It wasn't pretty, but a win is a win. Winning on the road in power conference play is hardly ever a cakewalk, but the Longhorns still managed a double-digit victory after going into halftime down five. That's a significant positive to me.
Neither team shot particularly well. Texas hit just 38.5% of its shots, while Oklahoma managed to drain 41.4%. Both teams hit just 5 three-pointers, kept the rebounding margin close (31-27 in favor of Texas), and weren't completely careless with the ball (11 Texas turnovers to 13 for Oklahoma). The difference maker was free throws. Texas scored 17 second half points on free throws (and 24 total), while the Sooners were just 5 of 8.
No, it wasn't an A+ game. But it's a deposit in the bank to 10 conference wins, and that's good enough. Like Jay-Z says, it's on to the next one.
No Panic in these Horns: Texas seems to be making a habit of carving out first half deficits, and playing OU turned out no differently. The Longhorns found themselves down 8 with just 36 seconds to play in the first half. "No problem!" said the Burnt Orange jerseys. Texas scored 3 points to close the margin going into the break, then scored the first 7 points of the second half to take the lead. At some point, it would be nice to see Texas put together a complete game, but at least we now know they can close those second half comebacks.
Second-Half Transition Buckets: Three steal and finishes in the second half helped bump the lead from 4 to 12, effectively winning the game for the Horns. They were pretty, too. The first was a J'Covan Brown steal, after which he sent a wicked bounce pass in between two defenders to a streaking Myck Kabongo. Kabongo followed up with a self-made steal and layup, and then Jaylen Bond got in on the action by starting the play with a steal and then finishing with a slam from a Kabongo pass. Poetry in motion, those plays were.
Offensive Passing: I thought that was one of the better passing games we've seen from Texas this season. While the end result was just 10 assists and 11 turnovers in the box score (yeah, that doesn't look not good), Texas did a really nice job of swinging the ball around the perimeter, dribble penetrating, and identifying the open man. Potential assists were lost when open shots were missed, unguarded three-pointers and post bunnies alike. Chalk up some of the free throw advantage to good passing as well.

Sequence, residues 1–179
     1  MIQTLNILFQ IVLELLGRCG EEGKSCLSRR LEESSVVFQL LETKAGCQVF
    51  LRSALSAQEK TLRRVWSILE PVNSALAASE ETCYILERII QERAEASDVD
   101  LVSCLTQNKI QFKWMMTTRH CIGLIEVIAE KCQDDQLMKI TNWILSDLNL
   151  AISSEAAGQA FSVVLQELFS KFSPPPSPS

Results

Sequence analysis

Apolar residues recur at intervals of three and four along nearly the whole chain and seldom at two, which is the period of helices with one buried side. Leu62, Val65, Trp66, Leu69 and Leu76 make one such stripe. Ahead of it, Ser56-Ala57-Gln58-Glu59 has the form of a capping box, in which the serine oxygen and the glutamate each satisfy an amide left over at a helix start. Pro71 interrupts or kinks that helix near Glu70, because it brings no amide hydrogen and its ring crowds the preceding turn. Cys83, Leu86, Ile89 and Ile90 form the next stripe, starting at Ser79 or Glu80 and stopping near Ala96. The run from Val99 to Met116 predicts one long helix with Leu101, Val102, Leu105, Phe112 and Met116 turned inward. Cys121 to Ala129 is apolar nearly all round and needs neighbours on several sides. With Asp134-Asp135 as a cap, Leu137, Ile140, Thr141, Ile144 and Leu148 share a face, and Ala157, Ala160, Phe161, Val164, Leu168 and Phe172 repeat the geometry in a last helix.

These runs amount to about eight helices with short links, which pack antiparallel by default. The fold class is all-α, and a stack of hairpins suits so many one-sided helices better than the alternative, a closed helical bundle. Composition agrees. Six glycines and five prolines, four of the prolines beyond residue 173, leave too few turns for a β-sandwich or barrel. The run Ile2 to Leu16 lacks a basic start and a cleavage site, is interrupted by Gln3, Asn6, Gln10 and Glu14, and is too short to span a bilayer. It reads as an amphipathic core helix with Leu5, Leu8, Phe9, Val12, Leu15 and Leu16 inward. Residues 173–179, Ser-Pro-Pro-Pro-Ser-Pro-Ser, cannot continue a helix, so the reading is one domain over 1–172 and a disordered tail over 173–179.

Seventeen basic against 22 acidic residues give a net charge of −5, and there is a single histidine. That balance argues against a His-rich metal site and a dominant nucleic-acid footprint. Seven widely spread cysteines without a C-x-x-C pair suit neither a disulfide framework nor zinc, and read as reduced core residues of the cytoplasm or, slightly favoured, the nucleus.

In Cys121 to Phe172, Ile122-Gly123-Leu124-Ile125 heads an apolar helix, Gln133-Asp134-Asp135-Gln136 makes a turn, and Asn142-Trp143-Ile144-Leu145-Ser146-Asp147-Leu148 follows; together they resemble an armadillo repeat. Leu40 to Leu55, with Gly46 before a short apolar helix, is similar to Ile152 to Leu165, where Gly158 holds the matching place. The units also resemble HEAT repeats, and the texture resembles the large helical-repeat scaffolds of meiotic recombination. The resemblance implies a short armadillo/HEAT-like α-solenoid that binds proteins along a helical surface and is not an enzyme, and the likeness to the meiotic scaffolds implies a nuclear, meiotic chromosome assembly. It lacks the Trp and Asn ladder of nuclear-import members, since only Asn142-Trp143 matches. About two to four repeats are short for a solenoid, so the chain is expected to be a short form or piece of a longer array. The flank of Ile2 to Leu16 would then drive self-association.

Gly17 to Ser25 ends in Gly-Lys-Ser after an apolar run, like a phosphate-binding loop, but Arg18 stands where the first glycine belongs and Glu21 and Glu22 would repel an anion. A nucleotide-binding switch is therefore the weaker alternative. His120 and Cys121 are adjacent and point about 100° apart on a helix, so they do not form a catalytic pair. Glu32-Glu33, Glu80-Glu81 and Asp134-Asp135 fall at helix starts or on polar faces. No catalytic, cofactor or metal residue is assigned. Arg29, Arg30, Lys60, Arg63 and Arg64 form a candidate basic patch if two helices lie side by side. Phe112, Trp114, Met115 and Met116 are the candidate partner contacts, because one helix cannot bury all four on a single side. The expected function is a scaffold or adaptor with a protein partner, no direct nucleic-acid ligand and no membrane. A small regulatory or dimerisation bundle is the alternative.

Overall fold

Kabongo's Shooting Stroke: It looked hideous at times early in the year, but Kabongo now has a consistent and confident stroke from beyond the arc. He's raised his 3-point shooting percentage to 35.8% on the year, and has hit 57.9% (11 of 19) over the past 10 games. Likewise, Kabongo's form is too good on free throws for him to be hitting just 65% from the charity stripe. He was a perfect 6 for 6 yesterday, and has been a 77.8% shooter (21 of 27) over the past 5 games. Texas needs Kabongo, as Texas' lead guard, to maintain both those higher percentages going into March.
The Clark and Neal First-Half Show: Cameron Clark came into the game hitting 38% of his shots, and ended up swishing the nets for 11 first-half points on 5-7 shooting. Tyler Neal had averaged 1.1 points per game in conference play, yet hit two 3-pointers and scored 8 points. Luckily for Texas, both regressed to the mean in the second-half. Clark finished with 13 points overall, and Neal didn't score again.
Chapman's Missed Bunnies: Sometimes shots just don't fall, but seeing Clint Chapman miss close shot after close shot was, as Chapman's career has often been, infuriating. Hitting just 2 of 9 from the field with so many makeable looks was not Chapman's best effort, especially when he was expected to have a big game against a mediocre Sooner frontcourt.
First Half Outside Shooting: The Longhorns weren't really good all night, and some of those shots were downright ugly. Texas shot 1 of 11 from distance in the first half. Brown's shot just wasn't falling, and that 0 of 4 mark (including an airball) helped contribute to the first-half deficit. Brown course corrected himself in the second half, hitting 3 of 5, but overall it was a "meh" type of night for him.
Kabongo and the Bonehead Play: There's going to be three to five inexplicable, head-scratching, boneheaded plays made by Kabongo each game. Accept it. Learn to live with it. As long as he's also contributing 13 points, 7 assists, and 5 rebounds,it's not a backbreaker.
Sam Grooms, Scorer Extraordinare!: Those 10 assists sure look nice, but Grooms makes Doge Balbay's offensive scoring potency look like Linsanity. Grooms finished with zero points on 0 of 7 shooting. For the season, he's hitting 34.0% from the field and 21.9% from distance. Yikes. Also, I thought Carl Blair, a transfer from the University of New Orleans by way of Gulf Shores Academy in Houston, would improve upon an up-and-down sophomore year in which he averaged 7.5 PPG. I thought wrong; dude is terrible this year.